I was not a Bill Koch League skier, so when I was first charged with supervising Craftsbury’s BKL program this spring, I was at a bit of a loss for ideas. My early-skiing experience lacked emphasis on fun that I always associate with BKL programs. Sure, I’d seen the occasional BKL practice at the Weston Ski Track, but I never paid much attention. In retrospect I wish I had. Now that I’ve been hanging around the small ones for a few months, I figure I’ve picked up a few things worth passing along.
Fun + Skiing = Fun Skiing
It’s hard to remember at times that for little kids, fun and skiing don’t often go hand-in-hand. Every BKL program has the kids who are really into skiing, the kids who joined because their friends were into it, and the kids whose parents forced them to come. Each group brings something unique to the table. In order to keep it fun for everyone, it’s important to mix the actual ski skills some kids may need with games that will keep the rest interested. Throwing out little challenges seems to work really well – at BKL age, kids are pretty competitive. Once this summer during a strength session I jokingly challenged one of my J4s to do a plank for 5 minutes. He came back the next practice saying he’d gone for 6 minutes in gym class. On snow I try things like one-ski downhill challenges, skiing uphill in the fewest skates possible, relay races, and Chinese downhills. We’ve got a couple fun downhills at the Craftsbury Outdoor Center and now that the snow cover is good, we’ve been having the kids race ’em every practice. Not only do they learn downhill skills by sending hills in groups, but, whether they realize it or not, they’ve got to ski the uphills in order to do it all again.
Divide and Conquer
Recently the Craftsbury BKL program has been dealing with one of those good problems: we’ve got a lot of BKL kids who show up for practice. We also are lucky enough to have a number of coaches (all the GRP athletes help out with BKL), so we can split the kids into manageable groups. Any BKL coach or parent knows that the more 9 to 12 year olds in a group, the harder they are to organize. Splitting kids into smaller groups, whether based on age, ability, or just randomly, makes coaching a practice much easier.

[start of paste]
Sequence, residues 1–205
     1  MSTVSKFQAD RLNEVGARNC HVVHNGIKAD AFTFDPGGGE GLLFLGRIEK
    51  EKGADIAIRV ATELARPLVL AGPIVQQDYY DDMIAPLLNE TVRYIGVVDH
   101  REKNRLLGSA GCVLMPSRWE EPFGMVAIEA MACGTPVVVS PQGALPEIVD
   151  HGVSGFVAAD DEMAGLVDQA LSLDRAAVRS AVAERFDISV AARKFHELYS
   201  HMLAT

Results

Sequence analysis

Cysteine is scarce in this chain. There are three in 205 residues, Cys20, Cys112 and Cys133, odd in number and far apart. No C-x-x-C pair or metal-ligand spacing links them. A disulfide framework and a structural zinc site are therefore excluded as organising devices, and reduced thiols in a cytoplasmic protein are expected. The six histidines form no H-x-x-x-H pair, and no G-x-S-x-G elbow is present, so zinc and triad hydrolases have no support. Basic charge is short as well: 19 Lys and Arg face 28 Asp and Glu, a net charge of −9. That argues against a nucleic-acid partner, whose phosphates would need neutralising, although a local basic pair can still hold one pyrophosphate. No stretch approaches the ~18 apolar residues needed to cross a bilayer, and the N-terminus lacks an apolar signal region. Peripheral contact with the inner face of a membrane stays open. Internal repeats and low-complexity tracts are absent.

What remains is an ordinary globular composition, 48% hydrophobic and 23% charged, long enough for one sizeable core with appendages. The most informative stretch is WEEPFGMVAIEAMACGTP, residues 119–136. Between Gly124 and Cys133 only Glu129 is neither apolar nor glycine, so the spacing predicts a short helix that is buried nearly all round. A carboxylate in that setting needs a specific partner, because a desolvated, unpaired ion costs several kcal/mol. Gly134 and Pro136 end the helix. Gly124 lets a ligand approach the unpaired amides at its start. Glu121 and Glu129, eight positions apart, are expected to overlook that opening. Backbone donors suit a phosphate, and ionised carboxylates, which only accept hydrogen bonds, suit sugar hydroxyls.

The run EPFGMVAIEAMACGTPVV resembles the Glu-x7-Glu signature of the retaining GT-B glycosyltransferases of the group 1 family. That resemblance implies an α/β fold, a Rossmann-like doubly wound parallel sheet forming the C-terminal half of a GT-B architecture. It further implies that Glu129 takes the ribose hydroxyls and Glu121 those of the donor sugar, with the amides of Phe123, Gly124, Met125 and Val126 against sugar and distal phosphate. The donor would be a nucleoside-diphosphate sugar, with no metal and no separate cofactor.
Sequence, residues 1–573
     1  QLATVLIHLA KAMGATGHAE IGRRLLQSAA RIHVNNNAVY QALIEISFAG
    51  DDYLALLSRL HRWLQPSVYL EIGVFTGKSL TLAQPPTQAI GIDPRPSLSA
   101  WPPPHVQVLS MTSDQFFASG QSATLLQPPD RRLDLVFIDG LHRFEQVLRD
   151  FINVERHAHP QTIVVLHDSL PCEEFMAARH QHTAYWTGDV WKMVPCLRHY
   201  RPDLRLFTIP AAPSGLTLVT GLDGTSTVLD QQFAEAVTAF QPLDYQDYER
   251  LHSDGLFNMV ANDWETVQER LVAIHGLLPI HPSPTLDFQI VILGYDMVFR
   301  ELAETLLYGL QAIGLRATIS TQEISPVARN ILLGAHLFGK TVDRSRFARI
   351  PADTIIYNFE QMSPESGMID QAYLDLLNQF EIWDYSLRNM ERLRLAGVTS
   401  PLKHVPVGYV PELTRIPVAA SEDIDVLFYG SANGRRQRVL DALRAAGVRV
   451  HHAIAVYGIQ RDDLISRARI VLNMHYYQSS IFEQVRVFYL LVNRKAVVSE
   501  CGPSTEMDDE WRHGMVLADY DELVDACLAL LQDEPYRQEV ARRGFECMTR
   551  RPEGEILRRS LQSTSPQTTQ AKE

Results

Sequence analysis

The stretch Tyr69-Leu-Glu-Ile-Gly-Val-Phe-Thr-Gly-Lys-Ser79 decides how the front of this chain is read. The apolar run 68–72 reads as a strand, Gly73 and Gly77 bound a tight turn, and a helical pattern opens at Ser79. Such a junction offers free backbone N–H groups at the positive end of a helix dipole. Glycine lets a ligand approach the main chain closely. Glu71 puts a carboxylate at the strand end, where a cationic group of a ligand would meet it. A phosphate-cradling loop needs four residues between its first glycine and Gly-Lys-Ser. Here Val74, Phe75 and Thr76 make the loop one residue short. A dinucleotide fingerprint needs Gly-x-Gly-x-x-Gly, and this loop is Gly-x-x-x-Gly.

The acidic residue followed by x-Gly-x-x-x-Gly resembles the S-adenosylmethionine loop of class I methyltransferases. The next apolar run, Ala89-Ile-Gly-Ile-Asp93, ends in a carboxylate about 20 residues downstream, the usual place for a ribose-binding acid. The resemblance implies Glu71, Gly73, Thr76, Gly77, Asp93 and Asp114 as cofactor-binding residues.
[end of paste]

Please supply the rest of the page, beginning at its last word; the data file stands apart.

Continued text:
Keeping Things Fresh with Cross-Training
During the summer we often mix cross-training into our regular practice schedule. During the summer we’ll rollerski one day, scull the next, and do some hill bounding and strength another. Mini-triathlons are a great way keep kids in the racing mood during the off-season. Now that we can ski, cross-training is less of a focus, but we still try to add alternative training in when we can. We’re lucky enough to have a biathlon range at the Outdoor Center, so we can host biathlon practices. Kids love shooting guns almost as much as they love going off jumps and bombing downhills. If I could make one suggestion to any BKL program out there, it would be to take a field trip to the closest biathlon range and let the kids try shooting. Ski-orienteering is another unique challenge that the small ones love – if your ski area can host a ski-o course, give it a try. Make it into a fun team race.
The Trickle Down Effect
At Craftsbury we’ve got a pretty established progression within the program. The Catamounts, our younger-than-BKL skiers, prepares kids for BKL, after which they move into the racing-oriented junior program. The juniors do a lot of their training with the Green Racing Project and returning college kids. Each group feeds on those above it, drawing inspiration and enthusiasm out of the next big opportunity. Not all BKL programs are coached by athletes, so when possible inviting older juniors to BKL practice for a day can be a great way to expose your skiers to the next level of competition. On the flip side, playing with the young’uns can be a great way for junior and senior skiers to remember that at the end of the day, skiing is all about ripping downhills, hitting jumps, and throwing snowballs at your coaches.